He defected to the Soviet Union alongside Donald Maclean in 1951, shocking the Western intelligence community.
Donald Maclean was educated at Cambridge and later joined the British Foreign Office and the diplomatic service. He was also drawn to communist ideology and was recruited by Soviet agents in the mid-1930s.
Maclean was a valuable asset for the Soviets, providing them with information about British and American foreign policy, particularly during World War II. His defection with Guy Burgess to the Soviet Union in 1951 badly damaged British intelligence and further heightened suspicion of potential Soviet infiltration within the British government.
The next spy to be revealed was Kim Philby. He was also recruited by Soviet intelligence agents and later joined the British Secret Intelligence Service (MI6) and became a high-ranking officer.
Philby’s dual role as a Soviet spy and MI6 officer allowed him to pass sensitive and valuable information to the Soviets for over two decades. Philby’s defection to the Soviet Union in 1963, after his espionage activities were discovered, strained relations between the United Kingdom and the United States.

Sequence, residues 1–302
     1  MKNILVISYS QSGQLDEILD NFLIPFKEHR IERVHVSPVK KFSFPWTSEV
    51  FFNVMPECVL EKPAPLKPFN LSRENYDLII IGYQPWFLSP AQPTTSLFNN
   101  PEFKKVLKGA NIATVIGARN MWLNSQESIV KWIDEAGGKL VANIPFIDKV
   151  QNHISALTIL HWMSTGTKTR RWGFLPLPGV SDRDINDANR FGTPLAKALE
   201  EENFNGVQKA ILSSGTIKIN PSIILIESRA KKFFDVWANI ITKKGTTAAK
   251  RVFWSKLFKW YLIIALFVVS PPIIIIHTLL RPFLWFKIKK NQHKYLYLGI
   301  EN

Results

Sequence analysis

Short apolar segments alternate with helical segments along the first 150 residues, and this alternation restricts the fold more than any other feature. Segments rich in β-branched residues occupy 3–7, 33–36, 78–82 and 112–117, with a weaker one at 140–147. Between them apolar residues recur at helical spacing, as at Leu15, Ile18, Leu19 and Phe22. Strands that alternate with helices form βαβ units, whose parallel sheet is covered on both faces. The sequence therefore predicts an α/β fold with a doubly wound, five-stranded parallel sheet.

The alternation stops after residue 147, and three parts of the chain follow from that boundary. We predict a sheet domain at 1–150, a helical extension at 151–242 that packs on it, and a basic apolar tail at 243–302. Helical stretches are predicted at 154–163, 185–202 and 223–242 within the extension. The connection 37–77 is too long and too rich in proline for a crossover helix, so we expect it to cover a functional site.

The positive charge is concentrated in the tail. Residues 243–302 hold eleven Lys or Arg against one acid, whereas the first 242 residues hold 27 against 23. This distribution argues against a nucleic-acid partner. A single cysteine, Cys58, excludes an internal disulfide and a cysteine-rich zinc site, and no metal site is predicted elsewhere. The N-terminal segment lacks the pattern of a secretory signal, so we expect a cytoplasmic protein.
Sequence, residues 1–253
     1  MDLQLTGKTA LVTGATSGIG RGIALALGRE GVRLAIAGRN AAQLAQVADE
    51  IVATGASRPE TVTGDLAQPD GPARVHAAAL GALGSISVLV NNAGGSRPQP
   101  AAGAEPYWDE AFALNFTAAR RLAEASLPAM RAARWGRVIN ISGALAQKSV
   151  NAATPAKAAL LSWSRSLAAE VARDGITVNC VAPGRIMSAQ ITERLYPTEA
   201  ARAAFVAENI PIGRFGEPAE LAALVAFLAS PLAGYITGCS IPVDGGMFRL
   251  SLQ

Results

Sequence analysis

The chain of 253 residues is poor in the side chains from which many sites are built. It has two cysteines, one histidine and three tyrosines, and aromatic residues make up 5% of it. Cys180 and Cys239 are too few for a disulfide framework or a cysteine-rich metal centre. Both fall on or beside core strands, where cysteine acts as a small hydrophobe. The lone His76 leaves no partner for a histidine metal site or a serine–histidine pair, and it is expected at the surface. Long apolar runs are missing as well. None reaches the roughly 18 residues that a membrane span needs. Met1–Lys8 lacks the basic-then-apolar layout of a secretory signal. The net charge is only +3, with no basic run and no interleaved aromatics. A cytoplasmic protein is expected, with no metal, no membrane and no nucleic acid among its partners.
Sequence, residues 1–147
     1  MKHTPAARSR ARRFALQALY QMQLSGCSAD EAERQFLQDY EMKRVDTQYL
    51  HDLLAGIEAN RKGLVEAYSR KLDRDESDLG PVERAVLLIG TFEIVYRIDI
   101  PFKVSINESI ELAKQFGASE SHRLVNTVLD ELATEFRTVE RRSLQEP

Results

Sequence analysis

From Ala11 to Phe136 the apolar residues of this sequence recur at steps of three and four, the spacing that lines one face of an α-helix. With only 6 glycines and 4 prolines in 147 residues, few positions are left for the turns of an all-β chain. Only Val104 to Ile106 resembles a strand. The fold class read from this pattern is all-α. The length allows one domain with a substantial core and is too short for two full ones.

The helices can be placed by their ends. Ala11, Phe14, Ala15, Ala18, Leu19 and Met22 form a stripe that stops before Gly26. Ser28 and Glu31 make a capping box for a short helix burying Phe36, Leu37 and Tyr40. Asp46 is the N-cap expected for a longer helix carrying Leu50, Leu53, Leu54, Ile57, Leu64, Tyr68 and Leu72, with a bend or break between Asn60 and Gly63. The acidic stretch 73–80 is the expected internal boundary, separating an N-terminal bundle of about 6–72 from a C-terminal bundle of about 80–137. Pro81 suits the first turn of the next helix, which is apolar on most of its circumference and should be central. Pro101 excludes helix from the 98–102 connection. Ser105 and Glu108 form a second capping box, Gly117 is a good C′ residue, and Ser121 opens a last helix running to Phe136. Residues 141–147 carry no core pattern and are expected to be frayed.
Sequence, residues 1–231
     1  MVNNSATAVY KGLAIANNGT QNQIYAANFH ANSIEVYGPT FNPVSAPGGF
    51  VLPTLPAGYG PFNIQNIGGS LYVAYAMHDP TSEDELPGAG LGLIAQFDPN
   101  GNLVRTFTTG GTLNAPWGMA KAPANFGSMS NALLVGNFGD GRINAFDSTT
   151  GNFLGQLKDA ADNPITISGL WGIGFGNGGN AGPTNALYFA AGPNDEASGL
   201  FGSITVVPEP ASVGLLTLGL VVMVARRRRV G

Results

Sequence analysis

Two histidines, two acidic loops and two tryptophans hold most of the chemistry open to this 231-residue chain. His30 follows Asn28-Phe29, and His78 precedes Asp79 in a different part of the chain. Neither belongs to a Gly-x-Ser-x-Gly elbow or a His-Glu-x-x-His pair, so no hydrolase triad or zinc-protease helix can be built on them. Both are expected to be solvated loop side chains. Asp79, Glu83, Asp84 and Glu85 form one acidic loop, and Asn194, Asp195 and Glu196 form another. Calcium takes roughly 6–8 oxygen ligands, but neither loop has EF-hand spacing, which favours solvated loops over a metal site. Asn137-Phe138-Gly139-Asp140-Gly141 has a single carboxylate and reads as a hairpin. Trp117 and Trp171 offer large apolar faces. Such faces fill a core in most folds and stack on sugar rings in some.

After their defection to the Soviet Union, the members of the Cambridge Five faced vastly different fates. Kim Philby’s life in the Soviet Union was initially difficult, as he experienced suspicion and scepticism from Soviet authorities. However, he eventually found a place as a journalist and lecturer, receiving some recognition for his work on behalf of the Soviets.
In contrast, Guy Burgess struggled to adapt to life in the USSR. His heavy drinking and uncooperative behaviour led to strained relationships with Soviet authorities. Despite this, Burgess remained loyal to his adopted country and lived in relative obscurity.
Donald Maclean, after his defection, initially experienced a somewhat more successful life in the Soviet Union. He worked for the Soviet Foreign Ministry and held positions of relative prominence. However, like the others, he faced challenges in fully integrating into Soviet society and grappling with life under a totalitarian regime.
Despite living under the protection of the Soviet Union, the defection of the Cambridge Five came at a personal cost. They had left behind their families, friends, and their home countries.